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The Presidential Peters' Principle

Ralph Peters has a useful meditation on the character of modern presidents in his New York Post column today.  Sample:

Wouldn't it be a fine thing to have another president whose first serious taste of failure didn't come in the Oval Office?  We don't need presidents with exclusive academic credentials. We need presidents who know what it's like to work for a living. We need presidents who understand average Americans. We need presidents for whom the White House isn't just the ultimate résumé entry.

Categories > Presidency

Discussions - 2 Comments

It is a strange article by Peters. To the extent that one would want the President to have significant experience in the private sector, fine, but the stuff about failure doesn't really work. Dubya, Clinton and Bush all know was failure is like. They all lost elections before becoming President. Obama lost an especially ugly campaign in which I remember reading that his opponent questioned Obama's racial authenticity. As experiences of failure go, its not up there with Truman, but it is a least equal to the ending of Reagan's career as a movie and tv star - which still left Reagan independently wealthy and nationally famous.

The other stuff doesn't really work either. Peters credits Eisenhower, Truman and Reagan for being decisive and having tenacity because of their background. Well Bush was decisive. sometimes for better and sometimes for worse. He admits that George W. Bush showed tenacity as President.. And one has to take a selective view of the Obama administration to argue that he is indecisive. On state-run health care, Obama has been more decisive and tenacious than I would like.

I would have it that Col. Peters is mistaken in several assessments, as is Pete.

1. We have had not three "great Presidents" but two: Mr. Truman and Gen. Eisenhower.

2. One ought to assess educational achievements against the norm of the cohort in question. Ronald Reagan completed high school at a time (1928) when most of the population between the ages of 14 and 18 was not enrolled in high school. He then completed college. Reagan was from a small town bottom-of-the-middle class family more impecunious than many and perhaps most wage-earning families. Tertiary education was not typically an expectation or aspiration of that social stratum at that time, and the catastrophic economic decline which occurred during the years Reagan was in school made it even less so. (And have you had a look at college entrance exams from that era?). The same applies in spades to Truman. Truman completed high school in 1902; his brother left school at about 12. My home town had a population of about 150,000 at that time and one (1) public secondary school, which was all that was needed. These men were academic achievers above and beyond 85% or 90% of their contemporaries. Eisenhower and his many brothers were even more so.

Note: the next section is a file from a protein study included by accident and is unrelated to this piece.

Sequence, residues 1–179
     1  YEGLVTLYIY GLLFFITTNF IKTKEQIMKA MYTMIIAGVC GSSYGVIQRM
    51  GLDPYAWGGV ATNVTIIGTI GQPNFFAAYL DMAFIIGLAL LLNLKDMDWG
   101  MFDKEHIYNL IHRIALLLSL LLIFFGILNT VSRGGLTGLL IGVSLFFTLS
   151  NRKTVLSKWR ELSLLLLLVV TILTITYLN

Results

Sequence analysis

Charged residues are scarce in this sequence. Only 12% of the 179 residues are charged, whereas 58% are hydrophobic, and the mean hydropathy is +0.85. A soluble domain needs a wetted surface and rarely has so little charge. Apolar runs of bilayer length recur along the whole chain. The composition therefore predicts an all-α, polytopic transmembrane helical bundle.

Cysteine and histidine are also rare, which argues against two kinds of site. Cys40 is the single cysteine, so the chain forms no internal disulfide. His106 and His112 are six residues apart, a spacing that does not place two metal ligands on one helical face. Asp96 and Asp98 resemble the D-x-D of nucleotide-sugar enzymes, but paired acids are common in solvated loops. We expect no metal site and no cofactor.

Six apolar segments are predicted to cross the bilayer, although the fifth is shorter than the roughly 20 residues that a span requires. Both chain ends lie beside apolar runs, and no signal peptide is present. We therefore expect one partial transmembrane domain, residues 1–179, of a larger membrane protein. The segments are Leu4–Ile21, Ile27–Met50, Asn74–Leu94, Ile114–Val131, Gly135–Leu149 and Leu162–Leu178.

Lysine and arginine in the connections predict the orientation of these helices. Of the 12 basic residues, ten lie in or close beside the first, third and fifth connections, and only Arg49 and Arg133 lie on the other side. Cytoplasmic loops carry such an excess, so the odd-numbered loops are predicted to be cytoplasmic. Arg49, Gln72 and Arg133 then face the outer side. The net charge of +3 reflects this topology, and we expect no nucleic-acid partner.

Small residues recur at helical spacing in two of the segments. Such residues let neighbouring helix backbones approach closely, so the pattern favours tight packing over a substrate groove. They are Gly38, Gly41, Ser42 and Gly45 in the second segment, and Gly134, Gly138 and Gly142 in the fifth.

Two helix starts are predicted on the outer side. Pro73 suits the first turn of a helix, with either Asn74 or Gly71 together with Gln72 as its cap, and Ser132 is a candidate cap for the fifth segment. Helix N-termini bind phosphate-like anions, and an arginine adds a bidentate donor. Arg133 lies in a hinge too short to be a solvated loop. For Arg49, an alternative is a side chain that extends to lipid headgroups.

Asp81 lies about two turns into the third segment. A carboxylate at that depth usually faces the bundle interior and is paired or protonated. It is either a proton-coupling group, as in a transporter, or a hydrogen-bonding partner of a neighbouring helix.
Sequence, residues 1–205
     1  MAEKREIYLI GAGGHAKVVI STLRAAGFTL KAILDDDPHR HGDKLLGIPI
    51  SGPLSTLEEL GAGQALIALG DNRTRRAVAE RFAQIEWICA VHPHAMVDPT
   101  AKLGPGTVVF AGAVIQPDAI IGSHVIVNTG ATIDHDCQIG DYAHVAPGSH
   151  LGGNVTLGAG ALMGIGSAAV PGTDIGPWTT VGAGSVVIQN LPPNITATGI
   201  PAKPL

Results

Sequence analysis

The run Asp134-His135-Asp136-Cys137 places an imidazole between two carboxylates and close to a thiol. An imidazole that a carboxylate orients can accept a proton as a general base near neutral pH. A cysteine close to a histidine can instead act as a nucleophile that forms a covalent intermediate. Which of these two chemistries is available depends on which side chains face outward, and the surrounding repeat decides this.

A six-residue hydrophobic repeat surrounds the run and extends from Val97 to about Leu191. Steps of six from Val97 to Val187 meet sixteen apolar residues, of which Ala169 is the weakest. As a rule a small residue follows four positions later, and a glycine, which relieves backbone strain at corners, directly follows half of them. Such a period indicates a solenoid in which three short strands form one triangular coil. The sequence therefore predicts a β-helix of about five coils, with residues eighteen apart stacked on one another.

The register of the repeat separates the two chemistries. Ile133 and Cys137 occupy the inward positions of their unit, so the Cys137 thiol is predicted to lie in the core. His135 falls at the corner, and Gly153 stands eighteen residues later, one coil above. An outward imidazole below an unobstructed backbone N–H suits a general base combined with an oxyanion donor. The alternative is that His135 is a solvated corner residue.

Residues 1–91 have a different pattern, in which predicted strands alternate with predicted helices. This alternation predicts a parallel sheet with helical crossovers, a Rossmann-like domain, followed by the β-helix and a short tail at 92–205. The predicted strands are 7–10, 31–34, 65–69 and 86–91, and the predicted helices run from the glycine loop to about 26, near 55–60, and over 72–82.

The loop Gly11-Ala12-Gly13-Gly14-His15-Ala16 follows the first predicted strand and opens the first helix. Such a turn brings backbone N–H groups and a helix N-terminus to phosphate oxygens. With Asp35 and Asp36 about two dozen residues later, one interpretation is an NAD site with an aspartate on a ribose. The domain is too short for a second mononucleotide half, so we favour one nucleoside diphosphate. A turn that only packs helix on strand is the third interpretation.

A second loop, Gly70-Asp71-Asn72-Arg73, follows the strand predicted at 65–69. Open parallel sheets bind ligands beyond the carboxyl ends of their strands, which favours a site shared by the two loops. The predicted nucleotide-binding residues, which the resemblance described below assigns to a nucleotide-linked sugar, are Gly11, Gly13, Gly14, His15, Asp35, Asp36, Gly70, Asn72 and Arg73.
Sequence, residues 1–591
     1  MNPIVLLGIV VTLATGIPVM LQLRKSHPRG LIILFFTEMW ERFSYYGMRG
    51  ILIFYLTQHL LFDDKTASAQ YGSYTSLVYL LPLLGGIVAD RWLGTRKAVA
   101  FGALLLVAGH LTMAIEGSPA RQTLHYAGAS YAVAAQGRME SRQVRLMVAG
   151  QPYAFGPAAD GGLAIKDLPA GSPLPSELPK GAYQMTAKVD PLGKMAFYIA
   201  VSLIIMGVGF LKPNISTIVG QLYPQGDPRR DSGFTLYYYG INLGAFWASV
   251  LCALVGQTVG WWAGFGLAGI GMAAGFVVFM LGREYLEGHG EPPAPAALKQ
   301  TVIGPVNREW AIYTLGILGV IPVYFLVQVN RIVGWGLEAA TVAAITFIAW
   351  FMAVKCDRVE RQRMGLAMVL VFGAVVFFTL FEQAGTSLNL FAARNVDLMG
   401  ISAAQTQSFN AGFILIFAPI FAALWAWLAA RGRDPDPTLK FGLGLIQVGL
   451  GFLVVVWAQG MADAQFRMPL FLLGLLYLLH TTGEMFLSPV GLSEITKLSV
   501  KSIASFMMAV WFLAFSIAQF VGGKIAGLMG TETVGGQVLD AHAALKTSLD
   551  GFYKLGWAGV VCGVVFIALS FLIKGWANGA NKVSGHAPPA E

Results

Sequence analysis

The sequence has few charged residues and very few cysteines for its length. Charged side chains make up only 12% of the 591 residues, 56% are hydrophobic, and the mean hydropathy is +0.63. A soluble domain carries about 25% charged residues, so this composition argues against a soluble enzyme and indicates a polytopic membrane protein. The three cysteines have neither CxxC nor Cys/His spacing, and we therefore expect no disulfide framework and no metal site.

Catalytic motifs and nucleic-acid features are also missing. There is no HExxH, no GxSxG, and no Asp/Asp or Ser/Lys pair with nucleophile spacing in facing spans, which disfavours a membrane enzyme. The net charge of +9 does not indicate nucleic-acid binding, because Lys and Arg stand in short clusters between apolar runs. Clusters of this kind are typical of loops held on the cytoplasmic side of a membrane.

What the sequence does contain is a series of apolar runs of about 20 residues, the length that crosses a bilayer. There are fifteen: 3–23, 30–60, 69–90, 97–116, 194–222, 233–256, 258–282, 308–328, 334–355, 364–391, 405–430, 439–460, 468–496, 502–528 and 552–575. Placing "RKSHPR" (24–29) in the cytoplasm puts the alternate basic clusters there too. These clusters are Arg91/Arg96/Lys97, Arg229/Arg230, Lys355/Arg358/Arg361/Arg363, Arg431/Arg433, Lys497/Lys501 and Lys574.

3. Truman, Eisenhower, and Reagan are differentiated from Obama by actual executive experience; from Obama and Clinton by time in uniform; from Obama and Clinton by having had a long run of years following trades other than electoral politics; and from Obama, Bush, and Clinton by having spent all of their formative years (in the case of Truman and Eisenhower) or at least some of their formative years (in the case of Reagan) during an era in which the following obtained:

a. Mundane life was shot through with insecurities and discomforts which have been forgotten (quotidienne dental pain, an absence of aspirin or antibiotics, an absence of refrigeration, urban air choked with coal dust and urban streets strewn with horse manure, an absence of air conditioning, standards of modesty which required men and women to be covered in layers and layers of cloth regardless of weather, sixty hour work weeks as the norm).

b. A vigorous honor culture obtained in the male population, and a sense of the masculine vocation maintained and promoted.

c. Emotional self-expression and the exhibit of scandal was discouraged for all.

4. I cannot figure how the loss of an election campaign at the age of 39 is comparable with losing your business to creditors, being humiliated in a business failure, slogging it out in the fields for eleven years in service to your father and in vicarious penance for his failed commercial schemes, or putting up with a mean and violent drunk in your home for 22 years.

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